It’s time to decrease energy consumption in Mexican buildings

In Mexico, energy consumption in buildings are still very high. Lillian Sol Cueva shows how two sets of measures could considerably reduce Mexico’s energy consumption.

Skyscratchers of Mexico City with mountains in the background.

There are two set of measures to reduce energy consumption in buildings in Mexico. (Photo by Alejandro Islas, modified, CC BY 2.0)

Energy consumption in buildings (residential, commercial and public) covers a number of services, mainly lighting, refrigeration, cooking, water heating, air conditioning and other electricity related end-uses. According to the 2014 National Energy Balance, final energy consumption in buildings represented almost 19% of the total final energy consumption in Mexico.

Recently, there have been significant advances to reduce energy consumption in buildings in Mexico. These reductions have been triggered through national norms that govern the maximum energy consumption per appliance and through national programs to make these devices available; for example, NOM-015-ENER-2012 and the Program “Change the Old for a New One” (Programa “Cambia tu Viejo por uno Nuevo”) on energy efficiency of refrigerators, and NOM-028-ENER-2010 and the “Save the Light” Program (Programa “Ahórrate la luz”) on energy efficiency of commonly used lamps (i.e. fluorescent vs. incandescent bulbs). According to the National Commission of Efficient Energy Use (Comisión Nacional de Uso Eficiente de Energía, CONUEE), between 1996 and 2014, the cumulative energy saving of all measures was 175,000 GWh, worth 175 billion pesos for consumers (around 9,54 billion US dollars) and 350 billion pesos (around 19,08 billion US dollars) for the national budget from 1996 to 2014. However, energy savings have not occurred everywhere.

In the northern region, energy consumption increased by 8% during the same period due to the high percentage of energy used for heating. According to CONUEE, 30% of the energy use in buildings is for heating and cooling, putting it way above the energy consumption of appliances and lighting. In general terms, the climate in Mexico is mild in the south and extreme in the north (very cold during winter and very hot during the summer months). Since the implementation of the government measures have exclusively focused on improving appliances rather than including thermal cladding and insulation of buildings, the total amount of energy consumed has increased and will continue to increase over time, not just in the north but also in the south where the average temperature has also risen in the last few years due to climate change.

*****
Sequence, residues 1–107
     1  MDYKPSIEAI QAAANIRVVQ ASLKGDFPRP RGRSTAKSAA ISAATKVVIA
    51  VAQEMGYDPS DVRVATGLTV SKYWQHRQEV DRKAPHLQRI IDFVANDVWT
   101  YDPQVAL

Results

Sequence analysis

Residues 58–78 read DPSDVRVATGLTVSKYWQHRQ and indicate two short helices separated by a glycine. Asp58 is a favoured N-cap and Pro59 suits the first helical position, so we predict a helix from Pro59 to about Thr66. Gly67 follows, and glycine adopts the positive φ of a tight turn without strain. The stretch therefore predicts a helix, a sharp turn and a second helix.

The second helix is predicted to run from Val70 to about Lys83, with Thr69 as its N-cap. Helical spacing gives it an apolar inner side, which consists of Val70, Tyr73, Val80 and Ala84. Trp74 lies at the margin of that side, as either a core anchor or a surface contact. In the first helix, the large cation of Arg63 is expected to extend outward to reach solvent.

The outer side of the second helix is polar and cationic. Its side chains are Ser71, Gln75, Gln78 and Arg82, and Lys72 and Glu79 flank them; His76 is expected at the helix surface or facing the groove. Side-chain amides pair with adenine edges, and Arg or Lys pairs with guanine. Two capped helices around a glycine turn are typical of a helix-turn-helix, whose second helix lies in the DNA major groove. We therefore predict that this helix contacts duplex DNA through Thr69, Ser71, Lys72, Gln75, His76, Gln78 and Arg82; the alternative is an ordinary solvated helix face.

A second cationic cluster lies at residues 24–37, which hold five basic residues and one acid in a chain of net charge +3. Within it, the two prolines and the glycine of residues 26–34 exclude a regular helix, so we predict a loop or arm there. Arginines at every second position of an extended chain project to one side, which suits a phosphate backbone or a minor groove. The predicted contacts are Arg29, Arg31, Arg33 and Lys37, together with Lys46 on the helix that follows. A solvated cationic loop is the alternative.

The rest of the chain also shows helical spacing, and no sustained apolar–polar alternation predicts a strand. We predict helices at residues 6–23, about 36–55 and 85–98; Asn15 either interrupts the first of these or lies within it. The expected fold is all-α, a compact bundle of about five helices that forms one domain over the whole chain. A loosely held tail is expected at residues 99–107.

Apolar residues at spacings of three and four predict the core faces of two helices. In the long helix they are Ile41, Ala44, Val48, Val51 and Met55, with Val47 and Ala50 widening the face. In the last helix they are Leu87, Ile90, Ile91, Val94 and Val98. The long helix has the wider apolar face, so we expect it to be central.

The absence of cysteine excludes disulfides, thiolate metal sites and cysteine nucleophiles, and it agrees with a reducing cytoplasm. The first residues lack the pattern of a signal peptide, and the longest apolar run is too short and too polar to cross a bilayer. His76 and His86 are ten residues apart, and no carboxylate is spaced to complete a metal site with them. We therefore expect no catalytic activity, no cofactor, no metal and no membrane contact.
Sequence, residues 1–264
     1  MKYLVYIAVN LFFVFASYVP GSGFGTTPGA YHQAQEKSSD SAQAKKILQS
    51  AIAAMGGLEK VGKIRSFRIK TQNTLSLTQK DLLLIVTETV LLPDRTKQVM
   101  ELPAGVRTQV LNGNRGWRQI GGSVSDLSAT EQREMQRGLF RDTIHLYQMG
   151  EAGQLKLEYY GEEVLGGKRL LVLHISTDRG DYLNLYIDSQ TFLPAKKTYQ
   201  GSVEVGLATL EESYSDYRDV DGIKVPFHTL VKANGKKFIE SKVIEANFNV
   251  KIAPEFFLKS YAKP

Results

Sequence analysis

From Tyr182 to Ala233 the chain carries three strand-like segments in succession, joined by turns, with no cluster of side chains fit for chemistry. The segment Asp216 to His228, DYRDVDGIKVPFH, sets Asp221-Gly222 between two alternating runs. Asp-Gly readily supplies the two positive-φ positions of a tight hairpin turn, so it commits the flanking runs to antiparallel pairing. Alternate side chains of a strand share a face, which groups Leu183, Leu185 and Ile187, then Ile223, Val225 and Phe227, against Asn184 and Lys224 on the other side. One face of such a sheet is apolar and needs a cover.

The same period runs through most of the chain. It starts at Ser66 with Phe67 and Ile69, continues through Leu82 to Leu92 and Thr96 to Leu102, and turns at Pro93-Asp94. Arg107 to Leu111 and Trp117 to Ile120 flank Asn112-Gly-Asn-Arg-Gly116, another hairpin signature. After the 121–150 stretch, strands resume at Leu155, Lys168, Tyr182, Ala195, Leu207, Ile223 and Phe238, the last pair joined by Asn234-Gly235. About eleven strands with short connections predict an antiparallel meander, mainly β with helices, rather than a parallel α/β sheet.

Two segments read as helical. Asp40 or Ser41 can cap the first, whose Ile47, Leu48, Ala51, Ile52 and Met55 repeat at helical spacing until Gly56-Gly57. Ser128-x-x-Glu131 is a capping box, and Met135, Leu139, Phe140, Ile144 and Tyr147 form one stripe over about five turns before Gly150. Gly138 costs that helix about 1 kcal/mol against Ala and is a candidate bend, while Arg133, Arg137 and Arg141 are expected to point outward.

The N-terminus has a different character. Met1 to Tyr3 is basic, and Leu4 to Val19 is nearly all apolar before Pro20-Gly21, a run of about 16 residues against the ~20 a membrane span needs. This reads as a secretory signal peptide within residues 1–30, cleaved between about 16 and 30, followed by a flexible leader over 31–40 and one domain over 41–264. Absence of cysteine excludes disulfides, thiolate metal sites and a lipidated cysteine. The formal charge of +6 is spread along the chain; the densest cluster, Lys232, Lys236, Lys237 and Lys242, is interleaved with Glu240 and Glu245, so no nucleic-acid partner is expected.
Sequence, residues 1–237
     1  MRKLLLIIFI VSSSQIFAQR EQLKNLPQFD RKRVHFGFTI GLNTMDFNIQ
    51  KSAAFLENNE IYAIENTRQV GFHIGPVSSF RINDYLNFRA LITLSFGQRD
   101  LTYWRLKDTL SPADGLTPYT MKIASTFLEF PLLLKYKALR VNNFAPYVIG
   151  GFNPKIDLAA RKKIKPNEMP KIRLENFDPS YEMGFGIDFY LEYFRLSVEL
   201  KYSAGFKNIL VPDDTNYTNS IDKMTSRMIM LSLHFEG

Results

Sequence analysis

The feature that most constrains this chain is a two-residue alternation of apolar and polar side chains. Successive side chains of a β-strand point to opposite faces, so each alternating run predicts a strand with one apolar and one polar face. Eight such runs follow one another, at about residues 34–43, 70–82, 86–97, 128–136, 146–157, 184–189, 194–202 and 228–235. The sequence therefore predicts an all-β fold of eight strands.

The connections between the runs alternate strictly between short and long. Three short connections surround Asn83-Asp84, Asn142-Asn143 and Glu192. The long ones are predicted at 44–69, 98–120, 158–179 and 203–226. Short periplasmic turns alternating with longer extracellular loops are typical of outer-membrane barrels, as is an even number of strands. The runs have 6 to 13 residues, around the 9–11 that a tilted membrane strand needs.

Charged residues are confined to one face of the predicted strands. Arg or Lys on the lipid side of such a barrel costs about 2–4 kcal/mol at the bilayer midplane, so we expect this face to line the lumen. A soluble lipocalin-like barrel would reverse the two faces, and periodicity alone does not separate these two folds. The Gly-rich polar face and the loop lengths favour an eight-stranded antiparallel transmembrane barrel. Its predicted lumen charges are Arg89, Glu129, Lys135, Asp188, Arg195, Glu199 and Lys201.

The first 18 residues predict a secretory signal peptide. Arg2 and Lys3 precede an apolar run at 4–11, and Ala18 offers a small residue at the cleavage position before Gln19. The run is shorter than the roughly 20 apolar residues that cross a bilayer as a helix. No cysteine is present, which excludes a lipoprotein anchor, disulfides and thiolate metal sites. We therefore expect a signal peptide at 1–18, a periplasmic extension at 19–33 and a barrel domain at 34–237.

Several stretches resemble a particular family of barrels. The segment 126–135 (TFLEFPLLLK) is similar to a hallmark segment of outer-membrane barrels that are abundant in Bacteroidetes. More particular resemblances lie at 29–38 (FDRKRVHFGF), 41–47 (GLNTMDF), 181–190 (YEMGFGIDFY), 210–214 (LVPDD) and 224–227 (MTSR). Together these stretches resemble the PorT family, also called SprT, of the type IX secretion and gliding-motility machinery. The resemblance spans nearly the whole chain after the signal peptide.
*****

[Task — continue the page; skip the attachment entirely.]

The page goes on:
Needed measures

According to Miguel Silva, a technical expert of the Alliance for Energy Efficiency (Alianza por la Eficiencia Energética, ALENER), there are two set of measures that can effectively reduce energy consumption of buildings in Mexico. First, it is necessary to apply passive measures that decrease energy demand of buildings, and then define active measures that increase energy efficiency of equipment, systems and installations.

Some of the most urgently needed passive measures in Mexico are the efficient evaluation of buildings in the design process before construction, better selection of appropriate building materials, and funding of energy efficiency programs for refurbishment of existing buildings. Taking into consideration that the benefits of these measures are for the buyers rather than the builders, it is important to create incentives or penalizations for construction companies to follow these guidelines. Of course it is also necessary to have sufficient infrastructure and evaluation units in the National Commission of Efficient Energy Use to assure a wide implementation of the energy efficiency standards.

On the other hand, some of the most needed active measures in Mexico are the promotion of high-energy-efficiency appliances and HVAC (heating, ventilation and air conditioning), which are still expensive for low-income households and that still are not widely available in the Mexican market.

Consequently, a strategy to reduce the national and regional energy consumption in buildings in Mexico must include efficient, affordable, and high impact technologies, materials and practices; a market that could make available cost-competitive technologies, systems and components; and the compliance of norms and codes that could make all this possible. The reduction will first and foremost benefit the Mexican people (less money being spent on electricity bills), but also the national government (less money being spent on subsidies) and the global environment (less carbon emissions being emitted).


Lillian Sol Cueva

Lillian Sol Cueva is a Mexican citizen and holds a degree in International Relations from the National Autonomous University of Mexico and a master’s degree in Humanitarian Action from the University of Groningen, the Netherlands. Her professional experience includes work in public policy, human and womens rights, sustainable development, energy and climate change. She has gained professional experience as a researcher, project coordinator, volunteer and public official in several national and international NGOs, as well as the Mexican government.

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